Help for States Considering Direct Potable Reuse

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Framework provides guidance on program development and costs, federal regulations, and public outreach

By Justin Mattingly


 

As interest in direct potable reuse (DPR) has grown, so has the need to ensure water quality and safety. State regulators and local government and water utility decision-makers must make water supply decisions, but without specific criteria or guidelines, excessive treatment redundancies may result that impede or slow down projects, causing high costs, project delays, and public distrust.

As a result, a framework is being developed that outlines the most important issues that states will need to address as they develop DPR guidelines. This framework, which will be released in the fall, will focus on two forms of DPR, the first of which is defined as introducing highly treated wastewater effluent — with or without an engineered storage buffer — into the intake water supply upstream of a drinking water treatment facility. Another form introduces highly treated wastewater effluent directly into a drinking water distribution system. The framework is the culmination of a DPR framework project being developed by the WateReuse Research Foundation (Alexandria, Virginia) in coordination with the Water Environment Federation (WEF; Alexandria, Virginia) and the American Water Works Association (Denver).

 

What the framework will include

DPR projects are not necessarily new; Windhoek, Namibia, has been operating one since 1967 that introduces water directly into the drinking water distribution system. In the United States, permitted operational DPR projects add highly treated wastewater ahead of a water treatment facility. Currently, only Wichita Falls and Big Spring in Texas have operational DPR facilities, but DPR is currently under consideration in California, New Mexico, and several other states.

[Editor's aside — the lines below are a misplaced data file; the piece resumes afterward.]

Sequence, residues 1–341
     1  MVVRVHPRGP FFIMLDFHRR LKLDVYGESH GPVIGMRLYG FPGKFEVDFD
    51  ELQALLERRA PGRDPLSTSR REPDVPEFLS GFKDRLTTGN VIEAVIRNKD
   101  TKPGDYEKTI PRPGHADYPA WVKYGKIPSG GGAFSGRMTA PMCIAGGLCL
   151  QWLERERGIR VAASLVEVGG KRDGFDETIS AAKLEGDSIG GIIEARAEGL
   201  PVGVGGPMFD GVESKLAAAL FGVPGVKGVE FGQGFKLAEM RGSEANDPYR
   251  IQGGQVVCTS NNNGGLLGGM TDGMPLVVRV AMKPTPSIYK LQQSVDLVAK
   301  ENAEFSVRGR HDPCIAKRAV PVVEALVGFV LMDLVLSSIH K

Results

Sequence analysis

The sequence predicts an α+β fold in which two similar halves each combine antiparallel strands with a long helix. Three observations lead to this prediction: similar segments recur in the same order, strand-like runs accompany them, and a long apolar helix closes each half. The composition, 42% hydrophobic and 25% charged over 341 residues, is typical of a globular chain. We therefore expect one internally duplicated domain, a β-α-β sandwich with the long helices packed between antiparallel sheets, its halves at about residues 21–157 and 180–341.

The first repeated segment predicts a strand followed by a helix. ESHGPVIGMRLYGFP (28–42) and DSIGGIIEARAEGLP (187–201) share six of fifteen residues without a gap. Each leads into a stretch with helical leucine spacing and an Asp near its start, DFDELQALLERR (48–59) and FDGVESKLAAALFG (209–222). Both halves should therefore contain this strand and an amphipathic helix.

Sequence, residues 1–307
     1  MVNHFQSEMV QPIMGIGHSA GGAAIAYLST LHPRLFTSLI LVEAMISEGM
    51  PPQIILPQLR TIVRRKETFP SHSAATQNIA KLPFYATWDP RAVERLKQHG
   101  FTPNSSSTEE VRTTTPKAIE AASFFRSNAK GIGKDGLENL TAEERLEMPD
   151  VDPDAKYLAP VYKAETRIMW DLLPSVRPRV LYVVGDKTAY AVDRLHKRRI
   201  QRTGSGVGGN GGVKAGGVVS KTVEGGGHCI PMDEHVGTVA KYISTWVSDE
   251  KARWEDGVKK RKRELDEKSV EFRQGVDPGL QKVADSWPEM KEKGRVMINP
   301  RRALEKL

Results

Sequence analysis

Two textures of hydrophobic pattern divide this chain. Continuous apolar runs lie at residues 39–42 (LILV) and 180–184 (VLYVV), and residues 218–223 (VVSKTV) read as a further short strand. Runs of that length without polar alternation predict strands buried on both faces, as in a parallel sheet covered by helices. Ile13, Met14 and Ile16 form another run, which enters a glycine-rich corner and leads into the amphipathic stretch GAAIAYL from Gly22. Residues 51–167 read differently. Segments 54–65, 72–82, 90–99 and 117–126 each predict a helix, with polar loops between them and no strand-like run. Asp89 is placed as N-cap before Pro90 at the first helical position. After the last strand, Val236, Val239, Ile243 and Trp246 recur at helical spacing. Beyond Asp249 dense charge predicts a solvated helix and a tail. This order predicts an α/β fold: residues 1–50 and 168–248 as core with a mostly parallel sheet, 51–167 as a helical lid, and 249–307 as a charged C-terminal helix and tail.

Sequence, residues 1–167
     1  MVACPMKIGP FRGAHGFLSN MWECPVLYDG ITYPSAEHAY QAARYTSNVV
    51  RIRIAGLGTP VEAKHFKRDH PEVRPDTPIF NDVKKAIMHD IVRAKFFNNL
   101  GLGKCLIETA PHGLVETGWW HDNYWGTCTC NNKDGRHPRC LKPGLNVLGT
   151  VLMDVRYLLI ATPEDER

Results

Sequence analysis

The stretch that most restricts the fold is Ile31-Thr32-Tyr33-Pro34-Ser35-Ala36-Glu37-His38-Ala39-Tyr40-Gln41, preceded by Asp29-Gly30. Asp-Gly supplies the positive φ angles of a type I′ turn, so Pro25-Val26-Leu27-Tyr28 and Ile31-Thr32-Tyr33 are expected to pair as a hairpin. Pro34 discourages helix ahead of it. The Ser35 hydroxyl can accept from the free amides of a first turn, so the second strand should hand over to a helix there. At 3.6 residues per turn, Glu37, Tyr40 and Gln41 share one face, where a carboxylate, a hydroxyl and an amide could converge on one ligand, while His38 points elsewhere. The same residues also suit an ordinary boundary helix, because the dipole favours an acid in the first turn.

The framework will summarize Texas’ experience in implementing DPR and California’s creation of regulations for groundwater recharge indirect potable reuse projects. This framework also will cover a broad spectrum of issues in DPR implementation, including

  • a background on DPR as well as the cost of implementing a DPR program compared to other water resource options;
  • public health protection and how DPR may be affected by existing federal statutes such as the Clean Water Act and Safe Drinking Water Act;
  • source water control programs, wastewater treatment, advanced wastewater treatment, residuals management, and monitoring and control strategies; and
  • system operation to ensure that utilities have sufficient staff training and resources to properly operate these systems, which in many cases are more advanced than traditional wastewater or drinking water treatment facilities.

 

Managing public perception

Water treatment technology and operations are an ever-evolving process, and technology and regulatory needs for DPR may require future development. In addition, public perception is important in any statewide or local discussion of implementing a DPR program. Community organizations need to be engaged early to ensure that the public understands the DPR concept to dispel fears about using recycled water as a source of drinking water. The framework will include information on public outreach including the key factors that should be included in a communication plan, communication tools, as well as examples of successful DPR outreach programs.

The framework effort is part of a WateReuse Research Foundation Direct Potable Reuse initiative that has already allocated $5.8 million to fund 34 research projects. The National Water Research Institute (Fountain Valley, California) expert panel developing this framework is chaired by George Tchobanoglous of the University of California-Davis along with Joseph Cotruvo of Joseph Cotruvo & Associates, Jim Crook, Ellen McDonald of Alan Plummer Associates, Adam Olivieri of EOA Inc., Andrew Salveson of Carollo Engineers, and R. Shane Trussell of Trussell Technologies Inc.

The framework directly addresses a key theme of found in EPA’s Water Technology Innovation Blueprint. The Blueprint outlines the business case for investment in new tools in the 10 most promising market opportunities in the water quality sector, one of which is “Conserving and Eventually Reusing Water.”  Intended to be released by WEFTEC 2015 (September 26–30, 2015) in Chicago, the framework will be featured at the WEFTEC Innovation Pavilion discussion “Overcoming Barriers to Water Reuse.”

Justin Mattingly

Justin Mattingly is a research manager at the WateReuse Research Foundation. He can be reached at

jmattingly@watereuse.org.

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